I wandered lonely as a cloud
That floats on high o’er vales and hills,
When all at once I saw a crowd,
A host, of golden daffodils;
Beside the lake, beneath the trees,
Fluttering and dancing in the breeze.
Go to hell, Mr Wordworth. Your words are a cruel jest to an Englishman living in Canada.
Spring was always my favourite season in England. Especially in the south, spring began to appear from the end of February onwards, with the first crocuses and snowdrops pushing through the lightest dusting of snow, like icing sugar dusted on a Victoria Sponge. Into March, there was the ‘host of golden daffodils’ covering every flowerbed and embankment. Spring lambing too – a traditional Mothering Sunday outing (Mothering Sunday is tied to Lent in the UK).
How I miss an English Spring.
Here in Nova Scotia, spring means very different things, and it arrives much later. But it’s coming. Spring is in the air. I can almost feel it. Give it a few more weeks and I will definitely feel it. Damned blackflies.
Living in this part of Canada (or any part of Canada for that matter), Spring is not a calendar event driven by the vernal equinox. Spring is slow to return from its winter break. So we take any sign, anything. Just last Saturday, the day felt warm, the sun was shining, and people were without jackets.
It was 2 degrees Celsius.
Spring is a time when the days are not so bitterly cold. When you can walk out with your ski jacket unzipped, toque-less (look it up) and sans-mittens. Spring is a time when the permafrost of winter begins to give up its icy grip on the soil. Though, as the ground thaws top down, and there is an increased rainfall, the ‘yard’ will turn to mush. Mud is the Canadian crop of spring. Not crocuses, not daffodils. Mud. If we actually had lambs in this part of Canada they would be brown. We would need to rewrite our nursery rhymes:
Mary had a little lamb,
Its fleece was brown with mud
It tried to follow Mary home,
But it was stuck, right where it stood
Canadian roads suffer dreadfully in spring too. Our other notable crop is potholes. There have been some impressive examples already this winter, bringing with it the popular Canadian road-slalom. I have my suspicions that the highways department has a financial interest in the vehicle alignment business, given their tardy approach to plugging these pavement pustulations. Hit one at speed and many a time there’s a blowout, possibly even a vehicular pas de chat. If I recall, there was one particularly large pothole that reportedly contained a group of Chilean miners, trapped for several weeks.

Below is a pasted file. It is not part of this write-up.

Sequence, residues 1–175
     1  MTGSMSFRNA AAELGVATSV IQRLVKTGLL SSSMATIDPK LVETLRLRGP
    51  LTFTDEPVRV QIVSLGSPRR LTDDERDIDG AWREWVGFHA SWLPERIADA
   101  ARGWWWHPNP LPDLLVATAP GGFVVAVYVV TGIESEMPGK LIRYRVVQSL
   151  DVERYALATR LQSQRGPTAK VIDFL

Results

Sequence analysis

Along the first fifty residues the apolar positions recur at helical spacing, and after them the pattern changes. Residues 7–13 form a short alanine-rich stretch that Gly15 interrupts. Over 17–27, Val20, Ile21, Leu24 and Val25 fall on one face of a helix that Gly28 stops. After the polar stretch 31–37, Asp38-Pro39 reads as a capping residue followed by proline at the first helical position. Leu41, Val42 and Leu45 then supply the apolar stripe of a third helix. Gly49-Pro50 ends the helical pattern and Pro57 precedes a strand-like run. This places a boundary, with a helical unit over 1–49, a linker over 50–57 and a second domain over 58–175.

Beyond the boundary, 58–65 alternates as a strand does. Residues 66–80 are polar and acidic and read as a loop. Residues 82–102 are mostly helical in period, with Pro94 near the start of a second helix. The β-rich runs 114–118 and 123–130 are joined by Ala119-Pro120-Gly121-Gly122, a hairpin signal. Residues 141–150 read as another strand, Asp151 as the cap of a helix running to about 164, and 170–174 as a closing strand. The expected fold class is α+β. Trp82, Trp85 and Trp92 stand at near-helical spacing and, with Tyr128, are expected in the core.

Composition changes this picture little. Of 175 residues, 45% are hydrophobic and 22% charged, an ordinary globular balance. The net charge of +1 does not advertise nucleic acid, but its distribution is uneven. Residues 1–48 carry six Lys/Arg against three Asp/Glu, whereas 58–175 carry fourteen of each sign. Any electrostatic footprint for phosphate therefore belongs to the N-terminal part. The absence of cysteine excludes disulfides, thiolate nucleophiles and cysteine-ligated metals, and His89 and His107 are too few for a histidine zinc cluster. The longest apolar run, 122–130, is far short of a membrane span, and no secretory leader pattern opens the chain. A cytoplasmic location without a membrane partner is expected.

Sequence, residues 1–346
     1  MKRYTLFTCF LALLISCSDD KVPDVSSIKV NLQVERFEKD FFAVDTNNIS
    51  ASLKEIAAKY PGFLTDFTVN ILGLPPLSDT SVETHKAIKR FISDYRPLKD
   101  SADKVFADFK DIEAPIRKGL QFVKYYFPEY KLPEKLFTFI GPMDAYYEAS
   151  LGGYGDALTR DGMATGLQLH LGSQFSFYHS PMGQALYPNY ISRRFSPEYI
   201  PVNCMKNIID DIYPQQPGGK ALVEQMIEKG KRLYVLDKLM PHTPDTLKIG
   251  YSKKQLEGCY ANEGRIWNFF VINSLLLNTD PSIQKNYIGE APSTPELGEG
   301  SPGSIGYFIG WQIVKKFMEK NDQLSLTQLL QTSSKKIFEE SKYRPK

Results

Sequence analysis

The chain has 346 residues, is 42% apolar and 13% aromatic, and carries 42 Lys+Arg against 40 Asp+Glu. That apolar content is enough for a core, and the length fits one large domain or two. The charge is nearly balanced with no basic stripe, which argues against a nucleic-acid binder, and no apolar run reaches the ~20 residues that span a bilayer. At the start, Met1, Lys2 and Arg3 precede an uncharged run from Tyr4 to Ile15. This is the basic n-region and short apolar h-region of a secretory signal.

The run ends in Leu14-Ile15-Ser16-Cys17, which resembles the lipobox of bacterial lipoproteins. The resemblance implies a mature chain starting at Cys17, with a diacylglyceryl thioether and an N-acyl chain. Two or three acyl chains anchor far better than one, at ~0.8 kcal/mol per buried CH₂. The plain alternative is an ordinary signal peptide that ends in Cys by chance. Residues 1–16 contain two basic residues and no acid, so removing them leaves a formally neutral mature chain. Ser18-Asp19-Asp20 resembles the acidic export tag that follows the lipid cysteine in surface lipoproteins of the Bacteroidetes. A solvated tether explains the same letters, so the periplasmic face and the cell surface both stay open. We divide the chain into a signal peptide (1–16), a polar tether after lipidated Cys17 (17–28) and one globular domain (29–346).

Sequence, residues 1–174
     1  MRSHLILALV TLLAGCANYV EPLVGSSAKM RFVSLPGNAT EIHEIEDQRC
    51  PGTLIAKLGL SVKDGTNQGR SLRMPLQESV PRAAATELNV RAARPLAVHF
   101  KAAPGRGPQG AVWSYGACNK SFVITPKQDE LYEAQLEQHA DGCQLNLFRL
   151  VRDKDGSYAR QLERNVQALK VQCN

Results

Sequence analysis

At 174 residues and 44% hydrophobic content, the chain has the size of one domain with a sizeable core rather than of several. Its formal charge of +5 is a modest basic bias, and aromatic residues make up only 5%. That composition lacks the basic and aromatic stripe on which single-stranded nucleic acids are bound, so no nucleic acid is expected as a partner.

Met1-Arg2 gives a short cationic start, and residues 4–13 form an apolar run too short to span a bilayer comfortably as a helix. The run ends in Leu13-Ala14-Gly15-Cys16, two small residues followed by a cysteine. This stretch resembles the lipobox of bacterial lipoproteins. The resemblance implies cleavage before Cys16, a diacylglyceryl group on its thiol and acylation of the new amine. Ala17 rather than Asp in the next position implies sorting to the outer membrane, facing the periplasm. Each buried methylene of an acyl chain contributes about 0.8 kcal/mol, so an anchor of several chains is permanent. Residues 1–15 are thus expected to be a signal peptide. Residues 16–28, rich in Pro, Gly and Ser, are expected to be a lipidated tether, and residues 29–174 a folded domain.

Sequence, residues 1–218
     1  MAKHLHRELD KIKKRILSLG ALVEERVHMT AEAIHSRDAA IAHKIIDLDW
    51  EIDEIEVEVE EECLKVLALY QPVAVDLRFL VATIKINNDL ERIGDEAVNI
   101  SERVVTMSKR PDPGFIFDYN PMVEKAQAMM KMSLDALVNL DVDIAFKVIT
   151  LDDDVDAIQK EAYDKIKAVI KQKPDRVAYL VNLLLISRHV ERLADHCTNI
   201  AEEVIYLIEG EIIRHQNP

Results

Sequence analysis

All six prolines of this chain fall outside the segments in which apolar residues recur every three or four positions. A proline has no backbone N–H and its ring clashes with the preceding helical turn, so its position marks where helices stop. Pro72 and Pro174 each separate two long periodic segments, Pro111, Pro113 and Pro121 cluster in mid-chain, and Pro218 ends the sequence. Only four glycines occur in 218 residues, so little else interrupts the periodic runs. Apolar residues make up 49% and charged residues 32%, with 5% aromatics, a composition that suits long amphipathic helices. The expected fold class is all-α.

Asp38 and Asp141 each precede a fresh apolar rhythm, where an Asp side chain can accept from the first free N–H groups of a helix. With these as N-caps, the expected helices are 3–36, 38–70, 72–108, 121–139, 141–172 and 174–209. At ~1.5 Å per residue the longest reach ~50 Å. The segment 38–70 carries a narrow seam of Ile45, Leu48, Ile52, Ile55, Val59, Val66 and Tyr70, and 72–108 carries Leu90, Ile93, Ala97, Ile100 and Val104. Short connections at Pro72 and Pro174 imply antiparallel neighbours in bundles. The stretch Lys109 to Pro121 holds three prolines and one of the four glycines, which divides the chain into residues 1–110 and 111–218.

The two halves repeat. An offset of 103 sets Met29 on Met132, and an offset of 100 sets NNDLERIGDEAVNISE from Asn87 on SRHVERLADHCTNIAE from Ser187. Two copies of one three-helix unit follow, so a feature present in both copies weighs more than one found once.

Such is the impact of the spring thaw, and the easing of the permafrost, that roads will heave and decks subside. The instability of the subsoil makes this a bad time to build any permanent structure. Roads crack and crumble under excessive loads, and there are weight restrictions during the worst of the thawing period. So no heavy trucking, no gravel trucks, no foundations being poured or highways being laid. Woodlands turned to swamps by the slow thaw and run-offs meaning forestry operations are curtailed. There’s no snow to plough nor lawns to cut. So what’s a man to do when all outdoor pursuits and physical labours are temporarily suspended? This is the land where men are men and …. Well, Monty Python got it right, I think:
Well this is my point (yes, there was one).
We’re hearing about the demographic challenges, the loss of the baby Boomer generation and so forth. I think I’m onto something that can help us out. Something the Canadian government should grasp with both hands and squeeze the life out of to boost our flagging population.
The stars align in springtime. Look at the facts:
- There are men with nothing to do. Baseball hasn’t got going. Football is months away. Golf is still a daydream. Basketball doesn’t count. Men are laid off and lazing.
- Meanwhile, their ladyfolk are idle too. All their favourite TV series have reached their climactic cliffhangers, leaving a generation of fertile females clawing the sofa, desperate for emotional release.
- Outside, Ma Nature is doing her thing. Birds, bunnies, bugs and bees, all are procreating the life out of each other.
Everything takes on a whole new light in spring. Days are warmer, clothes are fewer. The flannel PJs are retired and replaced with the negligee or nothing-at-all. With no distractions for either party and the first sight of those flimsy frillies it’s time for the laid-off man and his emotionally frustrated lady to lay it on. Bump uglies. Make the beast with two backs. It’s time to grow the population along with our petunias.
It’s already happening – take a quick straw poll round your workplace/school/church group. Note how many people have winter birthdays? Now do the math. I’m actually one of those winter babies (but then, Pops has a birthday in April, so maybe I was just his birthday present).
All we need is a little government intervention – a black-out maybe, or a tax incentive – and it will be more than the sap that’s a-rising this Spring.